‘NOS4A2’: re-reading (and finally reviewing) an all-time favorite

January 10, 2024

AUTHOR: Joe Hill
GENRE: Horror
PAGES: 692pg
PUBLISHER: William Morrow

Victoria McQueen has a secret gift for finding things: a misplaced bracelet, a missing photograph, answers to unanswerable questions. On her Raleigh Tuff Burner bike, she makes her way to a rickety covered bridge that, within moments, takes her wherever she needs to go, whether it’s across Massachusetts or across the country.

Charles Talent Manx has a way with children. He likes to take them for rides in his 1938 Rolls-Royce Wraith with the NOS4A2 vanity plate. With his old car, he can slip right out of the everyday world, and onto the hidden roads that transport them to an astonishing – and terrifying – playground of amusements he calls “Christmasland.”

Then, one day, Vic goes looking for trouble—and finds Manx. That was a lifetime ago. Now Vic, the only kid to ever escape Manx’s unmitigated evil, is all grown up and desperate to forget. But Charlie Manx never stopped thinking about Victoria McQueen. He’s on the road again and he’s picked up a new passenger: Vic’s own son.

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“You can’t let facts get in the way of the truth.”

I’m so happy that I re-read this, because NOS4A2 has to be one of my favorite horror stories of all time.

While it has its flaws*, this book captures family and motherhood in all of its beautifully damaged wonders, not to mention the fact that it has perhaps one of the single best examples of my favorite villain archetype: the bad guy who believes with his entire being that he’s the hero.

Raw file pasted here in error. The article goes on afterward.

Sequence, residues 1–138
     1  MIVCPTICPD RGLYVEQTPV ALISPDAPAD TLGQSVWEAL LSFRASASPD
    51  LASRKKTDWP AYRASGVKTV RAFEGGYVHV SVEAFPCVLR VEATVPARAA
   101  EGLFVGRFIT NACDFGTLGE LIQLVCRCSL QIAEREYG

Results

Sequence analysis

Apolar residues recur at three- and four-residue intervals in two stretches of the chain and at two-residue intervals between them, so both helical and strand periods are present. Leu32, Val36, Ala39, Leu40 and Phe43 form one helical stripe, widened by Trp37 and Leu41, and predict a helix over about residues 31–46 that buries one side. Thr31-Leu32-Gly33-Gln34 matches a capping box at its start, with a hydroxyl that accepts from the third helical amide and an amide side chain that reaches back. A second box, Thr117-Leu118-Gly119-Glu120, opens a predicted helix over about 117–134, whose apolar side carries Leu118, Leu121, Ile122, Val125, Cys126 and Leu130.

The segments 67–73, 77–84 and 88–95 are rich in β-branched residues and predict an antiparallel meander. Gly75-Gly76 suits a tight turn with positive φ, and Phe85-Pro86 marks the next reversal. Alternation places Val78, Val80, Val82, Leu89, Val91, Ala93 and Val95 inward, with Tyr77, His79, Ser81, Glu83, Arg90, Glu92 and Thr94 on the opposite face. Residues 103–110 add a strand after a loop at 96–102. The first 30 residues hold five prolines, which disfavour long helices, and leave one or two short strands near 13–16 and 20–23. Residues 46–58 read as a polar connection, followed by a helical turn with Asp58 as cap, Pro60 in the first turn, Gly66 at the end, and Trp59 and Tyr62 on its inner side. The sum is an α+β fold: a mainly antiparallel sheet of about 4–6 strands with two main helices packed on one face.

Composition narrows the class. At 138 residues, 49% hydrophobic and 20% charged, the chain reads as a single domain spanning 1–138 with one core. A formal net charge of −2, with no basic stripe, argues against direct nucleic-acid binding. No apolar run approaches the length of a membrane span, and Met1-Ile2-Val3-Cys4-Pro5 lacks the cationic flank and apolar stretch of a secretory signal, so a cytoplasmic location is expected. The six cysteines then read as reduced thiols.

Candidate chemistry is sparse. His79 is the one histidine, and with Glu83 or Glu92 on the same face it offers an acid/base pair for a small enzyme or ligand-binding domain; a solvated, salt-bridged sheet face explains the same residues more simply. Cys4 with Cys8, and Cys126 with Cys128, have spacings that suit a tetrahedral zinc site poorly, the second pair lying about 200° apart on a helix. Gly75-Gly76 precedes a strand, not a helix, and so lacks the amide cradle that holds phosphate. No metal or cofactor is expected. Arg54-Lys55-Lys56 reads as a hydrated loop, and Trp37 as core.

* okay, just ONE flaw, but we get it, Lou’s fat – move on already

I’m also immensely drawn to this idea that we each live in two worlds: the “real” one and the one of our imaginations, and that perhaps some of us could find a way to navigate the spaces between them. I love the parallels between Vic with her bike and Manx with the Wraith, as they’re really two sides of the same coin. Honestly, I think an entire essay could be written about the depth of writing here.

Everyone you lost was still there with you, and so maybe no one was ever lost at all.

Of course, there’s also the way Joe Hill makes you love these characters (specifically Vic, Lou, Wayne, and Maggie) so much that it breaks your heart to even think about anything bad happening to them. No spoilers, but there’s a scene near the end of this book that obliterates me emotionally, and I can never decide if I’m grateful for how hard it hits or if I just want to forward a therapy bill to Joe Hill’s fan mail address.

I could gush about NOS4A2 for a long time but I’ll cut myself off here. This is easily one of my most commonly recommended books to friends and has been for a long time, and after this re-read, I know that won’t stop any time soon because it’s a truly brilliant story that I believe will be a modern classic of the horror genre for a long time to come.

“I felt like it needed some color down there, so I painted the walls with the motherfucker.”

^ also, this quote is perhaps one of the most satisfying lines ever written.

Buddy read with Misty!

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WARNINGS (click to expand):

violence, gore, murder, implied rape, molestation, misogyny, ableism, substance abuse, forced institutionalization, brief racial slur usage, pedophilia, child death, kidnapping, fatphobia, medical content, medical trauma, animal death

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sapphic side character



More about Destiny @ Howling Libraries

Just a horror aficionado/geek girl trying to juggle motherhood, reading, blogging, gaming, and everyday life.

    1. Great review Destiny!! Thanks for getting me to finally read this because I loved it and it has become a favorite for me as well.

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